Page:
The statistics, published today in the UK, is disappointing. Final figures for GDP in the first quarter was worse initial estimates and significantly below forecasts (Appendix 1). According to the ONS (Office of National Statistics), the economy has lost in the first quarter of this year about 2,4% (previously reported decline of 1.9%), while the decline for the first quarter of last year (2010) was amounted to 4,9% against the earlier estimate of 4.1%. The starting point of a recession is now called the second quarter of 2008, whereas previously talked about the zero dynamics in this period.
The trade balance deficit is considerably worse than has been expected, amounted of £ 8,5 billion, against expectations of £ 6,9 billion (see Appendix 5). In addition, the indicators were revised deficit for the fourth quarter, up from £ 8,8 to £ 7,6, which was reflected also in the overall GDP in the direction of reducing them.
So weak data overshadowed an unexpected rise in house prices marked Nationwide. Its price index rose by 0.9% after rising 1.3% a month earlier, and it should be also noted the continuation of the upward trend in the housing market for several months.
Nevertheless, Nationwide warns that stabilization takes place at very low levels and restore the price index entails some risk. Long-term dynamics suggest that the price approached the level of trend, usually after a sharp spike follows a dip, as observed in the 90's.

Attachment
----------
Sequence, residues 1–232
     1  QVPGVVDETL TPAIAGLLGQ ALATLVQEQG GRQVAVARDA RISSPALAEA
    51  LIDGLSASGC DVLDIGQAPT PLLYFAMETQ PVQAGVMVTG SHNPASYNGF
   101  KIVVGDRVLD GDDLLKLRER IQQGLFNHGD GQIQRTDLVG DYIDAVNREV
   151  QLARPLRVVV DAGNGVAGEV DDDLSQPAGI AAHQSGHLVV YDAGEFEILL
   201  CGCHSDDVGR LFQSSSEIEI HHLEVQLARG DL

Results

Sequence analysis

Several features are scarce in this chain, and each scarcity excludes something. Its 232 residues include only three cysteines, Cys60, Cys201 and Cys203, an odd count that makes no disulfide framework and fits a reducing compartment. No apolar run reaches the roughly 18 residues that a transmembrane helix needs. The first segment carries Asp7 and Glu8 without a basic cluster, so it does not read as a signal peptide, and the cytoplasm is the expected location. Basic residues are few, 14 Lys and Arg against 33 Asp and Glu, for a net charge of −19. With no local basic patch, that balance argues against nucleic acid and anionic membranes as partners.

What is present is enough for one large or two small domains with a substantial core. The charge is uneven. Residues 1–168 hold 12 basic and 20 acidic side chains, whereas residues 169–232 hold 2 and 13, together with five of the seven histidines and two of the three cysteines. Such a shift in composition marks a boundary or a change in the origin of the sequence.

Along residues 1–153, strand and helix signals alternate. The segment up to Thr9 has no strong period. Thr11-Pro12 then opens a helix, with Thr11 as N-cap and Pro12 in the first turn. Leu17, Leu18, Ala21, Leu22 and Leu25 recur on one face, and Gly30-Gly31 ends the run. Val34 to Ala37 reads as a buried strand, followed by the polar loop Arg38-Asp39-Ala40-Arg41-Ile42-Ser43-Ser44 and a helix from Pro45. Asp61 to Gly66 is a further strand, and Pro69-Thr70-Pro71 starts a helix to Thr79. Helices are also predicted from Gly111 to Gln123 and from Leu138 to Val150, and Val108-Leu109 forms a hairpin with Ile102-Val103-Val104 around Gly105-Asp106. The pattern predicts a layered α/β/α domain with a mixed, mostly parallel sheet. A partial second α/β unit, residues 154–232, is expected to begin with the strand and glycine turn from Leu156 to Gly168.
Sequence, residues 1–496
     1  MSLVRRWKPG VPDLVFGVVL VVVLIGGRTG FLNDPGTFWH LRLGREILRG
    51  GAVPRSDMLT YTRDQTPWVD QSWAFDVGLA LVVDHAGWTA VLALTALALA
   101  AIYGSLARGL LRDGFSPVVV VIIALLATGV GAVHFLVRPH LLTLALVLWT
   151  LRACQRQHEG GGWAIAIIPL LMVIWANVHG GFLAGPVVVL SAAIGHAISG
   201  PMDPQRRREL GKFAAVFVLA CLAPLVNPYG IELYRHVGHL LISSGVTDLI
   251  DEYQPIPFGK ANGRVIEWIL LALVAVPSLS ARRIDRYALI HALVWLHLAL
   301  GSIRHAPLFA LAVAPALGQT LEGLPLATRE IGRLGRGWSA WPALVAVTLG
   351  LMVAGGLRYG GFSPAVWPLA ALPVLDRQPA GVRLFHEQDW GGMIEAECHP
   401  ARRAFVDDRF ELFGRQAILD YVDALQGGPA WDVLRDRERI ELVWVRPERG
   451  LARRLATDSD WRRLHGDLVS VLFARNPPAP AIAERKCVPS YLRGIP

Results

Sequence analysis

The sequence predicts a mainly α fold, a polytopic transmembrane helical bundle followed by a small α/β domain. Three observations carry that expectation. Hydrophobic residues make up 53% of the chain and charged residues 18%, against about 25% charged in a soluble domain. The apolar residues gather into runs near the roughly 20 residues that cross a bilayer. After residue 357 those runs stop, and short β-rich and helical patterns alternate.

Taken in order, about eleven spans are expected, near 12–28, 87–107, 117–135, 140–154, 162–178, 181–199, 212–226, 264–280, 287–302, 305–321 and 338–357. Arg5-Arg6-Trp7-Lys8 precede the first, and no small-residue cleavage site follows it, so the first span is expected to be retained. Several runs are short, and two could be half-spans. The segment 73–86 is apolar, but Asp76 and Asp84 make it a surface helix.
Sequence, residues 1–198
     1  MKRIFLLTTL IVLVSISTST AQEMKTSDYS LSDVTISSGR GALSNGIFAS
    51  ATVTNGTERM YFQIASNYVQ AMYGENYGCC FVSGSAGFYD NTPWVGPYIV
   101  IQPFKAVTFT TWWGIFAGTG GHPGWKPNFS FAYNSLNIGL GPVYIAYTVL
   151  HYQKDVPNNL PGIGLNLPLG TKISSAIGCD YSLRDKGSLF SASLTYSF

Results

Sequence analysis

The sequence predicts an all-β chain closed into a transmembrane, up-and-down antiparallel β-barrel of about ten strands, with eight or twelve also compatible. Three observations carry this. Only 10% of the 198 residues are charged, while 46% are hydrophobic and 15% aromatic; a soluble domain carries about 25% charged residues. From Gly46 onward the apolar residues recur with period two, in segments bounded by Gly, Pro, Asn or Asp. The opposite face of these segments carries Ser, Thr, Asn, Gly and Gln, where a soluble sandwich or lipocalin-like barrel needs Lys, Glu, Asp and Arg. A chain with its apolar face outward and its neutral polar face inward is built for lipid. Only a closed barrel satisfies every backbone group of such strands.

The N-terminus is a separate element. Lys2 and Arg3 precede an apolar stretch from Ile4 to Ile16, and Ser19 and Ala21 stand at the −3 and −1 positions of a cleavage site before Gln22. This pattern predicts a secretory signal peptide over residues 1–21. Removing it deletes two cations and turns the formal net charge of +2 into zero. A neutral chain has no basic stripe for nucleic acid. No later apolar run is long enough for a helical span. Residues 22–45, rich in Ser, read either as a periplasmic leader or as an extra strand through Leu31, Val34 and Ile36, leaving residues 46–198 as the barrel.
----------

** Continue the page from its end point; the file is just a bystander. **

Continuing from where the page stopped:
Export acts as a component of aggregate spending, along with the consumption (C), investment (I), government spending (G), so it increases aggregate demand. Greater volume of total expenditure corresponds to a higher level of equilibrium output. Consequently, export growth may increase national income and vice versa (Appendix 2). The same effect leads by foreign investment (see Appendix 7).
Imports in this model is considered as a function of national income. In other words, the goods are imported, have to spend a portion of the national income in the country, thereby stimulating productive activity in another country (see Appendix 3).
Thus, in a decline in production is necessary to restrain imports and encourage exports, but in terms of the output growth is vice versa. According to Appendix 5 and 6, the UK has all signs of economic recession.
So the factors that influence country’s level of exports:
- Output growh (GDP)
- FDI (inward) growth
- Low level of unemployment
- Low level of inflation.
- The factors that influence country’s level of imports:
- Decline in production (GDP)
- Rising level of unemployment
- Rising level of inflation (Appendix 7)
- Negative trade balance
In assessing the economic condition of society there is a need to identify the relationship between imports and exports of the country. This ratio is determined by the balance of payments of the country, part of which is the trade balance (see Appendix 5 and 6). Here we note that generalizing indicator is its balance of payments deficit - the difference between import and export of its articles. Excess of imports from other countries over their own exports gives a negative balance of payments and can lead to unpleasant economic consequences, such as the trade deficit. To pay for the latter country had to make debts. To repay the debt often have to reduce domestic consumption.